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ana edwards

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sketchmarks & quiltbearings

 

Sketchmarks was the first body of the brush and ink drawings developed from sketches on paper into layered drawings on wood. June 2000

 

Next Marks was the title of the second body of work, and second exhibition, that continued the Sketchmark format, though following a landscape thematic reference.  July 2002

 

Quilt-bearings are the drawings added to the Sketchmarks body of work that has evolved over the last two years.  Some on paper, some on wood these drawings begin to expand from minimal compositional expressions to more complex layerings and juxtapositions of textures, values and marks.  There is less emphasis on the beauty of the individual line and more emphasis on strong forms created from combinations of elements, and their subsequent placement in the composition.

 

Conceptually the name Quilt-bearings refers to legacy and my struggle to translate the past into a relevant present.  There are specific explorations of the work of my father, mother and uncle, who are all visual artists, and those of my grandmothers and great-grandmothers who pieced together quilts and clothes from fragments of fabric already old with work history and household rituals.  The presence of my grandfathers is quieter, but as I learn more about them in their absence I will further strengthen the seams and stitches of my own work. 

 

In recent years an awareness of who I am because of who came before balloons my consciousness whenever I contemplate the purpose of my work.  With identity being a topic of high visibility these days, I think often of those in my family who have each traveled their lives through the 20th century in the U.S.; my sons have arrived in the 21st century from the lives of Africans, immigrant Norwegian, English, Scots-Irish, French and Native American peoples.  As workers they have passed from farms, factories and labor to business, education and arts, indications that opportunities and options changed, enhanced by a great love of books, Conversations with my family have fed a growing interest in the concept of legacy, and I am currently researching struggles for self-determination by cultures and nations that translate down to the struggles of communities and individuals - specifically how those struggles in the past continue to impact present-day struggles. 

 

Art historically, abstract expressionism is my umbilical cord, and social realism a collective of capillaries feeding my creative organs.  I could make a long list of influences on my work, but would most likely come back to the artists in my family, Japanese and Chinese calligraphy, black & white photography and textile arts of all kinds because of the ways in which these particular people and mediums have demonstrated to me how a single line can become a language.

 

ANA EDWARDS

Over the last few years the creative process has both lured and dragged me into the community.  Since you can't make truly good work in a personal void, investigation and direct expression and thoughtful analysis (not to mention hashing and rehashing your findings) are essential components of the art-making process. The work is not separate from my life and my life is not separate from my politics, so, I'm happy to say that my work is political.  Creativity is struggle and the more aware one becomes, personally or socially, the more deeply the struggle is engaged.  In a nutshell, I'm grateful for my ancestors, my parents, my children, my friends and my comrades in the struggle for human freedom, justice and equality through strength, compassion and truthful expression.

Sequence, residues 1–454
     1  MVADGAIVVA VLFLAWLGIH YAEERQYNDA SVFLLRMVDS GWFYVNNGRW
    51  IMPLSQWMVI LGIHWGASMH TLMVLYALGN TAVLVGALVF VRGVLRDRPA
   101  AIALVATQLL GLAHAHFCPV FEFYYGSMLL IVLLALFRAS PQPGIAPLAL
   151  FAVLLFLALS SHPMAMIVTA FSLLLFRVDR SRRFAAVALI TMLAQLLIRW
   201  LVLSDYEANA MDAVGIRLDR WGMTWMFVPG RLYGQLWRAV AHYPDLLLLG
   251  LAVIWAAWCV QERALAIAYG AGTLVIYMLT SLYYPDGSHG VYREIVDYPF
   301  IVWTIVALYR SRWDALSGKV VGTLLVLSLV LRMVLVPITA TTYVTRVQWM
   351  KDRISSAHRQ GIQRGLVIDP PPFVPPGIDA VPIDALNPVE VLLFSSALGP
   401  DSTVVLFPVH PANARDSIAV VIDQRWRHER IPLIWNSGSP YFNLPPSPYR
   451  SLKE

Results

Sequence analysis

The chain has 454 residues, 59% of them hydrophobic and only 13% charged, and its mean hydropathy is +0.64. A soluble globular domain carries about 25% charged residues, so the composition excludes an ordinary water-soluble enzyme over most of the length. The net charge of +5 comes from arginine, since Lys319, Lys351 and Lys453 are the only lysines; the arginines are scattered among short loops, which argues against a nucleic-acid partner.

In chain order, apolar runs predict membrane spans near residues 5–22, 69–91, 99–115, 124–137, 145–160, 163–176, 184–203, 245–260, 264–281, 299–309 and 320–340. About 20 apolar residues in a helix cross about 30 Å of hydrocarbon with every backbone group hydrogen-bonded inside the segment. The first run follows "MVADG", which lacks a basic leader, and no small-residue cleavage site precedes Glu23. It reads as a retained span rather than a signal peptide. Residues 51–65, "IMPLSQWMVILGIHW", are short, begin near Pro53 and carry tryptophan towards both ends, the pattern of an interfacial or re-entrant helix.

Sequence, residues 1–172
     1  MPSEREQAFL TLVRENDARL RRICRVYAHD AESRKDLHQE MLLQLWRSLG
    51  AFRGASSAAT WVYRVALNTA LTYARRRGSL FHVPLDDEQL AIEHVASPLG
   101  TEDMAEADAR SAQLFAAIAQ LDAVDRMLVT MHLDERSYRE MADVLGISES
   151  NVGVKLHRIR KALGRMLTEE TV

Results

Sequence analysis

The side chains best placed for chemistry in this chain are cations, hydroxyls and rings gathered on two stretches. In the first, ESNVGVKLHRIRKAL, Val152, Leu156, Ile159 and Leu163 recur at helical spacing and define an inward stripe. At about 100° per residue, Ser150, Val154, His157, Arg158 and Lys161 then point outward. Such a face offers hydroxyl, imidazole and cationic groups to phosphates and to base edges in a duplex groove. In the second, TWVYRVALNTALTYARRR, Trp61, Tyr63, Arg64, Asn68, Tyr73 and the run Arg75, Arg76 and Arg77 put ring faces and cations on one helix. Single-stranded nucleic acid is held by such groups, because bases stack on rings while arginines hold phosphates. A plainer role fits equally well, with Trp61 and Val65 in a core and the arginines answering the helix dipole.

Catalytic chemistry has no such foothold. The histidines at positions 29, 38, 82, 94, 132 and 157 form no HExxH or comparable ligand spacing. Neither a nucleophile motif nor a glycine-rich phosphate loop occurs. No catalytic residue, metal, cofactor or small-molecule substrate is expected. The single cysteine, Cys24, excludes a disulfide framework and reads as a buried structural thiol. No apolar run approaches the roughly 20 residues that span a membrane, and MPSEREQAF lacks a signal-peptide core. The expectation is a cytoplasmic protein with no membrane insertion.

jan 2006

jan 2006
Over the last few years the creative process has both lured and dragged me into the community.  Since you can't make truly good work in a personal void, investigation and direct expression and thoughtful analysis (not to mention hashing and rehashing your findings) are essential components of the art-making process. The work is not separate from my life and my life is not separate from my politics, so, I'm happy to say that my work is political.  Creativity is struggle and the more aware one becomes, personally or socially, the more deeply the struggle is engaged.  In a nutshell, I'm grateful for my ancestors, my parents, my children, my friends and my comrades in the struggle for human freedom, justice and equality through strength, compassion and truthful expression. 
 
Looking Forward.
 
aug 2005
The new work will search for and crawl through imagery that is intrinsically political, and so more realistic. More portraits of people reclaiming themselves. More Pragmatism. More Opportunity. Tangible flights of Resistance.
 
jul 2002
Growing up I always felt color as beautiful, breath-taking, seductive. But black & white was essential and remains so. Everything art that I love best, which sings directly to me, has always been in black and white. Silent films, Akira Kurosawa and Ingmar Bergman films; old and plentiful family photographs & the photojournalism of the 40s-60s; jazz album covers; books; japanese woodcuts; chinese calligraphy; summer storms.

The first art tools I remember being given as a child were a bamboo brush, an ink stick and a grinding stone. (The first toy I remember was a broken adding machine; I loved the sound and the feel when I pushed all those buttons, pretending to calculate.)

I always want to convey strength and thoughtfulness. I am interested in the flashes of recognition that come into being and may or may not be remembered, but are built upon endlessly -- the gaps, the moments in between. Between the abstract and the figure are faces that reveal their masks, and gestures that dress for an occasion.

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